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Chicago divided: the making of a black mayor.

Chicago Divided: The Making of a Black Mayor.

Paul Kleppner. Northern Illinois University Press, $26.00. In 1955, Richard Daley, just elected major, reneged on his promise to resign as head of the Cook County Democratic Party. While earlier mayors had to appease neighborhood committeemen (who ran their wards like fiefdoms and cared little about citywide problems), Daley sought and gained control of all the levers of political and governmental power--candidate selection, endorsements, patronage, and the like.

Chicago blacks were a part of the machine until the mid-1960s. They didn't have must choice: black citizens needed the machine for public employment, and black candidates relied on the machine for their political survival.

This uneasy alliance ended in the 1960s when race was pushed to the top of the political agenda--and blacks saw an indifferent Daley turn hostile. Kleppner gives it scant attention, but surely a signal event came in 1966 during Martin Luther King's Poor People's Campaign. With the major civil rights legislation behind him, King settled in the Chicago tenements to draw attention to that city's slum conditions. When he tested Illinois's openhousing laws, whites greeted him with rocks and fists. For many Chicago blacks this was proof that they had it as bad as their Mississippi brethren. Two years later the mayor, confronted by rioting on the night of King's death, issued "shoot-to-kill' orders to Chicago policy.

Black political fortunes began to rise in 1975 when Daley's death set off a feud within the machine. By the 1983 election, the rift among machine politicians had widened so much that half of the party backed June Byrne and the rest sided with prodigal son Illinois Attorney General Richard Daley Jr. This split plus a mobilized black electorate allowed Harold Washington to win the mayoral nomination.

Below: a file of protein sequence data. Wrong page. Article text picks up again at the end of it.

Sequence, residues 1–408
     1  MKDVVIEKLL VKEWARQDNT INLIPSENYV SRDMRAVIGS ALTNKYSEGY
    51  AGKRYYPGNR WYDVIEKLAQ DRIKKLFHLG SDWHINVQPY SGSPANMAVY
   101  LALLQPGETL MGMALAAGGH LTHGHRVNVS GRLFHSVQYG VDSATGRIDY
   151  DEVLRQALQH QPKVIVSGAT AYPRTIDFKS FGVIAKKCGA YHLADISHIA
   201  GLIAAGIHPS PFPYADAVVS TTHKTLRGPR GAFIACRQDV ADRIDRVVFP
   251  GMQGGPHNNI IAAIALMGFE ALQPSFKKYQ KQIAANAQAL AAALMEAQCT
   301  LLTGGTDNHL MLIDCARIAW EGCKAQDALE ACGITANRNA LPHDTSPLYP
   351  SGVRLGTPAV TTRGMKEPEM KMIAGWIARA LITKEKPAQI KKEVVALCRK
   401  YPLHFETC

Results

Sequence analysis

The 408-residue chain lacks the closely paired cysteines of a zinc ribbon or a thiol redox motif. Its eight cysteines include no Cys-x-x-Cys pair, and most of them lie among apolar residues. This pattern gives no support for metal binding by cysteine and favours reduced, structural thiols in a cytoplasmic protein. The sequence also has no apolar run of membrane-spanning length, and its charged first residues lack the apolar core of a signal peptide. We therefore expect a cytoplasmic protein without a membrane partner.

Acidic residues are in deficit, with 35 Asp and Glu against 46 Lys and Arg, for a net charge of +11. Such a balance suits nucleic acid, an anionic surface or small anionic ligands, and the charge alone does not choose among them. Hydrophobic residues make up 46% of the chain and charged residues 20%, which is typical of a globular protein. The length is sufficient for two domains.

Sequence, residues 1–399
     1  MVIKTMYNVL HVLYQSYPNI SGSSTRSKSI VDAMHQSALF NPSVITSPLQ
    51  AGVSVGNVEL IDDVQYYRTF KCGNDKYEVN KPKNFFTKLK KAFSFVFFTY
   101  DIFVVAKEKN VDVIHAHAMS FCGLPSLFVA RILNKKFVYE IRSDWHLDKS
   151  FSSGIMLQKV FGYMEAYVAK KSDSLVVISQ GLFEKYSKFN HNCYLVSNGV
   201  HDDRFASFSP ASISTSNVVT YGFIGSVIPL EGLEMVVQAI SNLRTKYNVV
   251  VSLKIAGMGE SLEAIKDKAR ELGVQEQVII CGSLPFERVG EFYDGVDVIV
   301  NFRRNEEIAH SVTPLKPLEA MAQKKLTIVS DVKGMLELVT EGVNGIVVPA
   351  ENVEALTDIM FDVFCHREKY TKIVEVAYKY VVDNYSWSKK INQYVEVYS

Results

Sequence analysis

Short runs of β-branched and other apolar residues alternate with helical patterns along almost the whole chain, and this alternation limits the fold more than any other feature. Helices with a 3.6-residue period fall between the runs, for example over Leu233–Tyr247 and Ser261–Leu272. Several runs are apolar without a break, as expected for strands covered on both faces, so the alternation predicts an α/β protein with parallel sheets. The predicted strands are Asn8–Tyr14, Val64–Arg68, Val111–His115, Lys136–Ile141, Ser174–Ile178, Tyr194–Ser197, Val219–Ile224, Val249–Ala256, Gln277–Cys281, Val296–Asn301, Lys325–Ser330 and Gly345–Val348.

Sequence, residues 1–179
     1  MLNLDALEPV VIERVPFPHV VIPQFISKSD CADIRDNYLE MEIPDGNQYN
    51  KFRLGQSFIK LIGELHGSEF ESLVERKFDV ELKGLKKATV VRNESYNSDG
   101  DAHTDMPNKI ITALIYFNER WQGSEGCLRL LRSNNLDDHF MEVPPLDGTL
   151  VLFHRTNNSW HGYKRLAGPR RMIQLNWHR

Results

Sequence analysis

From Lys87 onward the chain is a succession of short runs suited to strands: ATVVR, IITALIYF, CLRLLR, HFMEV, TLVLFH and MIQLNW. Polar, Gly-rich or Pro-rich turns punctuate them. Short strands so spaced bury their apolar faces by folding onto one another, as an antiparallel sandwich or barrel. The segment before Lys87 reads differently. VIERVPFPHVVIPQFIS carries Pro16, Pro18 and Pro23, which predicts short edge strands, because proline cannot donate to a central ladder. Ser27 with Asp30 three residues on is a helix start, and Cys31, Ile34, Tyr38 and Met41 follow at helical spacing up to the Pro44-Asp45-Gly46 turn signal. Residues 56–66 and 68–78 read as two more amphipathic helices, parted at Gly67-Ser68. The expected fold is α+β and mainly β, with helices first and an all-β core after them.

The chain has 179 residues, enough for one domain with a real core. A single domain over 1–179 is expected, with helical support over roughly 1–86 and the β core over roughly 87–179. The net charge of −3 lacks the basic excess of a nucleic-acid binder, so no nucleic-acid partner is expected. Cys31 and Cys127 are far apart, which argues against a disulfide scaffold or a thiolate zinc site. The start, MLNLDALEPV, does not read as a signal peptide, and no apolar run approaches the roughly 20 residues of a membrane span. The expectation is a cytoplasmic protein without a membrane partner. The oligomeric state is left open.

It is hard to forget Harold Washington's campaign. Everywhere he went, Washington drew throngs of placard-waving youths shouting "Nigger Go Home!' Leaflets trailed him; one asked Chicagoans whether they wanted to see Richard Pryor appointed fire commissioner. Another depicted a newly elected Washington putting basketball hoops on the Picasso in Daley Plaza.

When it comes to explaining why whites were so hostile, Kleppner shrugs and surmises that Chicago middle-class whites are really Klansmen in disguise. But Washington was a threatening candidate for reasons besides race. True, there were many who voted against Washington simply because he was black, but after eight years of Byrne and Michael Bilandic, what many Chicagoans wanted was stability, a return to the efficient municipal services they had known under Daley. Vowing to crush the machine, Washington promised Chicagoans no such security.

Nothing justifies the venom that seethed from white Chicago. But it seems possible that a different black candidate, one who simply campaigned for better services and who promised to cut blacks in rather than cut the system out, would have garnered a larger share of the white vote and soothed racial tensions.

The sad truch is that when it comes to voting for blacks, white voters often need coddling--the kind that Washington, who at times intimated that violence might follow his electoral defeat, refused to provide.
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Copyright 1986, Gale Group. All rights reserved. Gale Group is a Thomson Corporation Company.

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Author:Cooper, Matthew
Publication:Washington Monthly
Article Type:Book Review
Date:Apr 1, 1986
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